If you are not yet using Instagram, a social media app available on smart phones for sharing photos, you’re missing out on some prime opportunities for oohing and aahing over rare books. The app has been embraced by special collections libraries, and rare book sellers and collectors as a venue to showcase their marvelous holdings. There are hundreds of great rare book Instagram feeds from around the world.
Aimee Peake, proprietor of Bison Books in Winnipeg, a previous entry in our Bright Young Booksellers series, and an avid Instagram user herself (@bisonbooks), suggested we profile some of these rare book Instagram feeds on our blog. I put the call-out for recommendations on Twitter and the following streams bubbled up to the surface. Note that today’s post will focus on institutional accounts. A follow-up post will profile booksellers and collectors.
And so, in no particular order, here we go!
The British Library (@britishlibrary)
Fisher Rare Book Library at the University of Toronto (@fisherlibrary)
The American Antiquarian Society (@americanantiquarian)
W. D. Jordan Library, Queen’s University (@jordan_library)
Houghton Library, Harvard (@houghtonlibrary)
University of Miami, Special Collections (@um_spec_coll)
San Francisco Public Library Book Arts (@sfplbookarts)
University of Texas at San Antonio (@utsaspeccoll)
Boston Public Library, Norman B. Leventhal Map Center (@bplmaps)
University of Nevada at Las Vegas (@unlvspeccoll)
University of Iowa, Special Collections (@uispeccoll)
McGill Library and Archives (@mcgill_rare)
Free Library of Philadelphia (@freelibraryrarebooks)
Muhlenberg College Special Collections (@bergspecialcollections)
Lambeth Palace Library (@lampallib)
Congregrational Library & Archive (@congrelib)
American Bookbinders Museum (@american_bookbinders)
Northwestern University, Transportation Library (@transportationlibrary)
Still hungry for more? Check out a curated Wiki of institutional feeds.
Did we miss your favorite? Drop me a line at firstname.lastname@example.org or on Twitter @nate_pedersen
There is at least one good story coming out of Washington, D.C. this election season, and that is the grand opening on Saturday of the Smithsonian National Museum of African American History & Culture. Thirteen years in the making, the museum has collected close to 37,000 artifacts that showcase the contributions of African Americans. It will be at the top of my to-visit list on my next trip to D.C.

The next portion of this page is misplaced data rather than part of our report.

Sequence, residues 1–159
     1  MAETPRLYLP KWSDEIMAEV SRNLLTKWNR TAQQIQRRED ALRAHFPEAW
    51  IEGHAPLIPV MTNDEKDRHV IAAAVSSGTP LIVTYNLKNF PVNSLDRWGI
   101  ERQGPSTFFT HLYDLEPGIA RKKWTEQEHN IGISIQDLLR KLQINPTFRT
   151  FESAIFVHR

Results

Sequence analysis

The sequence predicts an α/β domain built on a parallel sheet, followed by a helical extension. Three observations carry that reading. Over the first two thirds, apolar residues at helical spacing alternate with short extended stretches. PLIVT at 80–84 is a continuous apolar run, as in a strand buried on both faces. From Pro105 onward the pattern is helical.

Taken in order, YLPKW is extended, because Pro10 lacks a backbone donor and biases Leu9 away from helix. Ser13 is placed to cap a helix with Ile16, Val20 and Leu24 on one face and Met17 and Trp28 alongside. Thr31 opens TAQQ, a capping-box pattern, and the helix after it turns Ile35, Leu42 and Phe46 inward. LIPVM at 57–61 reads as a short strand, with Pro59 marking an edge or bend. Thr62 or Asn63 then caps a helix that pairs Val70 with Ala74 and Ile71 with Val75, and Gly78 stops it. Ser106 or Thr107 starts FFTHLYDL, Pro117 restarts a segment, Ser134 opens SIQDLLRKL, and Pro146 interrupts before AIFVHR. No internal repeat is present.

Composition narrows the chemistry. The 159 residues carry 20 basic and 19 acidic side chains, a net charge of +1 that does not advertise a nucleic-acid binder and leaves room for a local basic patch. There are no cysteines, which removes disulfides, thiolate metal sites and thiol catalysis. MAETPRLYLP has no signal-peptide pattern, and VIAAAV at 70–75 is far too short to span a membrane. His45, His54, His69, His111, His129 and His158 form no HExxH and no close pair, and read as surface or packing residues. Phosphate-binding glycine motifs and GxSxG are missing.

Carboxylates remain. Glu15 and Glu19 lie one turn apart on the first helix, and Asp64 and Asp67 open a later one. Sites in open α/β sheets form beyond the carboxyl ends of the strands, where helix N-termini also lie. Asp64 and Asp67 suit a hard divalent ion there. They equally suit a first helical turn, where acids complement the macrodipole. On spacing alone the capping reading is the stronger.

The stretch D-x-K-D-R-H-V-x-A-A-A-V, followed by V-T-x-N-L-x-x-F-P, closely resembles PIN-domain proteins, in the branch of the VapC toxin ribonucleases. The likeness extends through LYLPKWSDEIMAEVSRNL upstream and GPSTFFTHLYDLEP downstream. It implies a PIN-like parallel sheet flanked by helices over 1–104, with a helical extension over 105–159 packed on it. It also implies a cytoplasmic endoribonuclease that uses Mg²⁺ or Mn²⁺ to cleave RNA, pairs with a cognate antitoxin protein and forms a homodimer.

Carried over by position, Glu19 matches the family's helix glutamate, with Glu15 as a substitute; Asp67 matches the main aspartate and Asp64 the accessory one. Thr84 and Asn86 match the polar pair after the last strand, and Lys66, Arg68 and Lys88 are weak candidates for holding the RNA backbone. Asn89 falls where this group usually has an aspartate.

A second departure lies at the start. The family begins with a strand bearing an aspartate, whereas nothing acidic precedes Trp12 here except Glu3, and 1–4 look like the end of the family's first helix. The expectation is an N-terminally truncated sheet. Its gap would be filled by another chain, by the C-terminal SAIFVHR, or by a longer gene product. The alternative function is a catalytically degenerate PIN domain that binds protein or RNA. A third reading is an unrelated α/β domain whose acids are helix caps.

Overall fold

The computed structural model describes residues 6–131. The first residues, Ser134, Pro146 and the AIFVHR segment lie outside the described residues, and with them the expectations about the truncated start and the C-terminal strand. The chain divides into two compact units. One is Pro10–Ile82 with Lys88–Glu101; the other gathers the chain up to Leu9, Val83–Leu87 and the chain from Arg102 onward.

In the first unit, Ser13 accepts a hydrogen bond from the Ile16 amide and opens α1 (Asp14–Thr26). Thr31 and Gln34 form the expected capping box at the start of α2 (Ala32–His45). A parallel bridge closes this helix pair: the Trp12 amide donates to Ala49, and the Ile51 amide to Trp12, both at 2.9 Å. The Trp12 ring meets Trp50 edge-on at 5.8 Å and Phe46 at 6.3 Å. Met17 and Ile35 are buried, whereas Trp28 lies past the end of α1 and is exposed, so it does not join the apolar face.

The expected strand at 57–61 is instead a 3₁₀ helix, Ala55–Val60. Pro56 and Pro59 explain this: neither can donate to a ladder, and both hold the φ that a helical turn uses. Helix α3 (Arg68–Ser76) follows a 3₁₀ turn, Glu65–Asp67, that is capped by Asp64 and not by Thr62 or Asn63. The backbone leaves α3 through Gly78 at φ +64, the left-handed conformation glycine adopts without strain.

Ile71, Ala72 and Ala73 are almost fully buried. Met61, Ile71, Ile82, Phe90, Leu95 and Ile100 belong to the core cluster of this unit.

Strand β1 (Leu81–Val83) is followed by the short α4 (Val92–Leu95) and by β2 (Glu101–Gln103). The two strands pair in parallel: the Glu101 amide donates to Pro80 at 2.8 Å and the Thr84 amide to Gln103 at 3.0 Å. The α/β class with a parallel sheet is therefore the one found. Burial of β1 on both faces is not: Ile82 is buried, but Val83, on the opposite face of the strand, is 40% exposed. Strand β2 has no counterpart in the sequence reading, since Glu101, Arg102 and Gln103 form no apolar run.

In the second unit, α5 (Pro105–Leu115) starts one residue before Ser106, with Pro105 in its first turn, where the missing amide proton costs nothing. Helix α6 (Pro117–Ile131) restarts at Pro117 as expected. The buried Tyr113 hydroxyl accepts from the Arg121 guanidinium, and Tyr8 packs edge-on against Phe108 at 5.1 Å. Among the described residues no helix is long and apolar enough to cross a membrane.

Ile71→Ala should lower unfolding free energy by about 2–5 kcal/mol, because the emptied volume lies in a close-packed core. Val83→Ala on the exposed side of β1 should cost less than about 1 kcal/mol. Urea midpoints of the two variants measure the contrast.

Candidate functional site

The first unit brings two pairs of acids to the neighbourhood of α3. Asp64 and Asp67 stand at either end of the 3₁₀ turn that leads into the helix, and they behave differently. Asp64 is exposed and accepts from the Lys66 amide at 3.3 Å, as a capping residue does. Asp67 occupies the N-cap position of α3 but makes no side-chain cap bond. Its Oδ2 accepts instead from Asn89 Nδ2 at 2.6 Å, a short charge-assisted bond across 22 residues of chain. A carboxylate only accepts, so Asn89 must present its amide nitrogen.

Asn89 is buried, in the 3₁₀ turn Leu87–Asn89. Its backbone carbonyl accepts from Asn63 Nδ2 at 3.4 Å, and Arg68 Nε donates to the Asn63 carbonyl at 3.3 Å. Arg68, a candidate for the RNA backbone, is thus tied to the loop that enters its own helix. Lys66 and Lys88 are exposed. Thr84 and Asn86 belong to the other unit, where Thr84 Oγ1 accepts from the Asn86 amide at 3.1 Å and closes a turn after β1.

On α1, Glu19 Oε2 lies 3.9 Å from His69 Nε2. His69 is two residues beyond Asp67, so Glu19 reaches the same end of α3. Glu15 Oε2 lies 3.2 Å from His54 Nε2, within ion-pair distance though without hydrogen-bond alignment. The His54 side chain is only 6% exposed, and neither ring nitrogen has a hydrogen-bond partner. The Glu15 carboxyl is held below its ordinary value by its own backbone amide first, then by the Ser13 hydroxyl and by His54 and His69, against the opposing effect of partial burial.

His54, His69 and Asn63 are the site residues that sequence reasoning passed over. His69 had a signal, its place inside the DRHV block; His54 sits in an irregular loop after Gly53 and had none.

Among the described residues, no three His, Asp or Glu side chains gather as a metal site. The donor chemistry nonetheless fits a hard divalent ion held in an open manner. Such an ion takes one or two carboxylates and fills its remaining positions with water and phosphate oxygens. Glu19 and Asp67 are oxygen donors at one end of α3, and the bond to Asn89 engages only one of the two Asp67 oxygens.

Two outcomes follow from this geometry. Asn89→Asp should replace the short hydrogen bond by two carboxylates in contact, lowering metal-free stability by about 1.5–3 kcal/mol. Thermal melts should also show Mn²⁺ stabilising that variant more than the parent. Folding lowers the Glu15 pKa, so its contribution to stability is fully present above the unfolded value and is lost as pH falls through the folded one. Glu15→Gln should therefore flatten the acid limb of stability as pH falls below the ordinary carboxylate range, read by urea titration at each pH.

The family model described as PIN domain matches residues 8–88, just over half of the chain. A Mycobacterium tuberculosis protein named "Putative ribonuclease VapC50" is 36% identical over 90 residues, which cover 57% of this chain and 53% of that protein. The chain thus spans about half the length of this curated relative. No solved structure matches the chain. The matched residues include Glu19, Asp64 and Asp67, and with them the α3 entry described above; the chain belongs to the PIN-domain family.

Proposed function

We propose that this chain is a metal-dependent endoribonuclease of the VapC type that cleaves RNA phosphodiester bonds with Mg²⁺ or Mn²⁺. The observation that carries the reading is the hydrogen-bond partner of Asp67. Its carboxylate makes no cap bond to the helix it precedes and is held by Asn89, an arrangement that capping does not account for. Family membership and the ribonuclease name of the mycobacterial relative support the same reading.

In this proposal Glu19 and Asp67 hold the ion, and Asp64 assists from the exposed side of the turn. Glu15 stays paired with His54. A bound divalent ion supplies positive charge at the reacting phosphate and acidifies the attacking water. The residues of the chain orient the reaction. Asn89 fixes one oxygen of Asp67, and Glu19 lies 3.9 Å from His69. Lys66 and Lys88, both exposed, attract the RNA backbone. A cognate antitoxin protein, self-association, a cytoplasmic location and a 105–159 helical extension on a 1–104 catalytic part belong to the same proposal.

Until then, an exploration of the permanent collection through the museum’s savvy web portal, however, provides a fantastic overview of museum’s scope. Of course, these literary highlights elicited my particular interest.
A first edition of Charles W. Chesnutt’s The Conjure Woman (1899). Credit: Collection of the Smithsonian National Museum of African American History and Culture.
James Baldwin’s glass and brass inkwell is part of a larger collection of photography and memorabilia related to the novelist and poet. Credit: Collection of the Smithsonian National Museum of African American History and Culture, Gift of The Baldwin Family.
The Bible that belonged to slave revolt leader Nat Turner, c. 1830s. Credit: Collection of the Smithsonian National Museum of African American History and Culture, Gift of Maurice A. Person and Noah and Brooke Porter.
The personal hymnal of Harriet Tubman, Gospel Hymns No. 2 (1876). Credit: Collection of the Smithsonian National Museum of African American History and Culture, Gift of Charles L. Blockson.
A print depicting Frederick Douglass at his desk from Frank Leslie’s Illustrated Newspaper, c. 1879. Credit: Collection of the Smithsonian National Museum of African American History and Culture, Gift of Joele and Fred Michaud.